“These formed the basis of Dalí's words and tone of voice through careful, rapid engineering, refinement and testing,” said Martin Pagh Ludvigsen, director of creative technology and AI at Goodby Silverstein & Partners, in an email to NPR.

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Visitors speak to AI Salvador Dalí via the “lobster phone” at the Dalí Museum in St. Petersburg, Florida.

Martin Pagh Ludvigsen/Farewell Silverstein & Partners


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Martin Pagh Ludvigsen/Farewell Silverstein & Partners

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Visitors speak to AI Salvador Dalí via the “lobster phone” at the Dalí Museum in St. Petersburg, Florida.

Martin Pagh Ludvigsen/Farewell Silverstein & Partners

Ludvigsen said the AI ​​Dalí has ​​answered more than 3,000 questions so far. “People ask Dalí big questions about life, love and death,” Ludvigsen said, adding that he can follow the AI's answers, but not the visitors' specific questions. The AI ​​“talks about it often [Dalí’s] woman Gala when she spoke about love: 'My marriage to Gala was a beautiful tapestry of love, beyond the binaries of mortal understanding', just popped up in the tool.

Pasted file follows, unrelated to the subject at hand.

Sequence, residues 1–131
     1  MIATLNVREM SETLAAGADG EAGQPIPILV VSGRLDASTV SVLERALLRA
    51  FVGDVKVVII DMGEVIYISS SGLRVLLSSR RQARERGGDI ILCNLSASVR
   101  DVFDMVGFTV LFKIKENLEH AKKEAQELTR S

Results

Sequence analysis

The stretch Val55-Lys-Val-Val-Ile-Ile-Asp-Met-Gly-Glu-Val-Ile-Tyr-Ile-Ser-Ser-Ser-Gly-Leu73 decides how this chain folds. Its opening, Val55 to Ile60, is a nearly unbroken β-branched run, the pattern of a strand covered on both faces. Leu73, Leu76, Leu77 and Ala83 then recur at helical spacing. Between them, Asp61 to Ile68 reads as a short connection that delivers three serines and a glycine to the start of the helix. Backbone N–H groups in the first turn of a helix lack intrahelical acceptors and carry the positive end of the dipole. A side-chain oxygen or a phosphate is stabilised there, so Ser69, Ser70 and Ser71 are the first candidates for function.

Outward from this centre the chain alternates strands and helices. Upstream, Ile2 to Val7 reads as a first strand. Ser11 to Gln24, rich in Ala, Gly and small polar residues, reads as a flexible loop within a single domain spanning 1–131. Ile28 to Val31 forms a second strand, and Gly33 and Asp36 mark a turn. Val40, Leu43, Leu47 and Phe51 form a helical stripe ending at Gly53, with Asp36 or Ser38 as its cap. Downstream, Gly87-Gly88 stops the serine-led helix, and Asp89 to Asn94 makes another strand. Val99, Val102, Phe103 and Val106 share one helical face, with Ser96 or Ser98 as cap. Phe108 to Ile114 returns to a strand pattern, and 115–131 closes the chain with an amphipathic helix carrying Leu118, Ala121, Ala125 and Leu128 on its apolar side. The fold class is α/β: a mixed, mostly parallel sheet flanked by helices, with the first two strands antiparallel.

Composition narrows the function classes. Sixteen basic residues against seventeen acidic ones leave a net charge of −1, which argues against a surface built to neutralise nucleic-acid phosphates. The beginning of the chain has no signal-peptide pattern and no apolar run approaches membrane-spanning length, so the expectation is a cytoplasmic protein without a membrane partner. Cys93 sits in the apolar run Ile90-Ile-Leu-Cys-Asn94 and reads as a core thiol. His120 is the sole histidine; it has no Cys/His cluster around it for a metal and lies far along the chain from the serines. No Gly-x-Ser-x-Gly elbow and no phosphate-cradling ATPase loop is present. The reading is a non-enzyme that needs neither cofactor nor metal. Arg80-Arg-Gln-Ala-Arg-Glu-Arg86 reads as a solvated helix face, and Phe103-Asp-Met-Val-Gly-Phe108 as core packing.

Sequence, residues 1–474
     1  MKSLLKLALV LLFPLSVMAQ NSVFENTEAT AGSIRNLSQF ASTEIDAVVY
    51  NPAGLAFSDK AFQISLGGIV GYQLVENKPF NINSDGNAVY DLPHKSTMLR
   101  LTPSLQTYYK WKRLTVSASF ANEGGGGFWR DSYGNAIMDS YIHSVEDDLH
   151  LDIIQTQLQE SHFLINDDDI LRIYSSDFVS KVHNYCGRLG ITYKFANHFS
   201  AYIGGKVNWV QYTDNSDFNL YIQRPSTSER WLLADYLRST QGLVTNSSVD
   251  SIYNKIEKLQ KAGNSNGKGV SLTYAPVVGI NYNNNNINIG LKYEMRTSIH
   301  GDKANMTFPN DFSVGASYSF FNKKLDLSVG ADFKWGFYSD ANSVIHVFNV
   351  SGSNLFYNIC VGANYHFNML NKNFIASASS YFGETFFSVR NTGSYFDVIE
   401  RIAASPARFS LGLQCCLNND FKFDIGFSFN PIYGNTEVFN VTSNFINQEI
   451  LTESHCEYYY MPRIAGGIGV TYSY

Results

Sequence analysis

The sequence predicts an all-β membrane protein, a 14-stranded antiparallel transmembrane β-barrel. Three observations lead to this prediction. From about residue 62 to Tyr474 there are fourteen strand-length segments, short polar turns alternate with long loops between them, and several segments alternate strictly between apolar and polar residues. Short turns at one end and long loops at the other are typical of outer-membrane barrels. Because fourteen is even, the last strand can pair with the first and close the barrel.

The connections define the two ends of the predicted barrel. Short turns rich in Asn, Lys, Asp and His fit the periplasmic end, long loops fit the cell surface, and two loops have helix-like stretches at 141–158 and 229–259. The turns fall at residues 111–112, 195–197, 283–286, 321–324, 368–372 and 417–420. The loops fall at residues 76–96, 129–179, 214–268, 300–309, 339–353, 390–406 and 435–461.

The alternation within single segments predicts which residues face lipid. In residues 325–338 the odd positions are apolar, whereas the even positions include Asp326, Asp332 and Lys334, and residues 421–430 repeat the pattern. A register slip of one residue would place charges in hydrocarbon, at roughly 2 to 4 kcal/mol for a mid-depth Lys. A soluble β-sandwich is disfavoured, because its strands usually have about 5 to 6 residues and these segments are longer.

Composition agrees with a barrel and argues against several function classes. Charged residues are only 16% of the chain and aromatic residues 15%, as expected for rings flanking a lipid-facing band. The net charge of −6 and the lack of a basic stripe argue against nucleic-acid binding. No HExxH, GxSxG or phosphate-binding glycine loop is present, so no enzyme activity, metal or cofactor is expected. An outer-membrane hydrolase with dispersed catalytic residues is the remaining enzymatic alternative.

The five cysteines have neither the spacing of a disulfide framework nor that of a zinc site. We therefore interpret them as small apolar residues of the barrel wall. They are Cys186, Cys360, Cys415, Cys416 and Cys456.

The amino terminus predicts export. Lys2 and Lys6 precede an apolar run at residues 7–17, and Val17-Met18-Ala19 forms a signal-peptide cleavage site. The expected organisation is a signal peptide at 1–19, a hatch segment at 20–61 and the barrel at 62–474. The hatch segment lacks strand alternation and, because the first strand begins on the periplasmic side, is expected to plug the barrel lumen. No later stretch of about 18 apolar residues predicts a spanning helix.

Ludvigsen said the AI ​​has also responded to questions about why humans kill animals: “A question steeped in existential dread and yet trivial in the grand canvas of the cosmos. We kill animals perhaps because we are trapped in a labyrinth of primal instincts and modern desires. a surreal dance of survival and supremacy.”

On why there is so much darkness in the world: “Challenge the universe with deeper questions, like why do shadows celebrate the sun? Shadows celebrate the sun because they are the silent music of the absence of light. Every shadow is a dark fingerprint of the universe, revealing the hidden contours of time and space.”

Another common topic, according to Ludvigsen, is the Lobster phone yourself. Dalí made at least ten of the objects in the 1930s. The work is made up of an old-fashioned rotary telephone and a plaster lobster. Some versions are all white – the Dalí Museum in St Petersburg owns one – while others, like the one at The Tate in London, have a black telephone with a red lobster.

From Dalí to DALL-E

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Spanish surrealist painter Salvador Dali (1904-1989) is pictured in December 1964.

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Spanish surrealist painter Salvador Dali (1904-1989) is pictured in December 1964.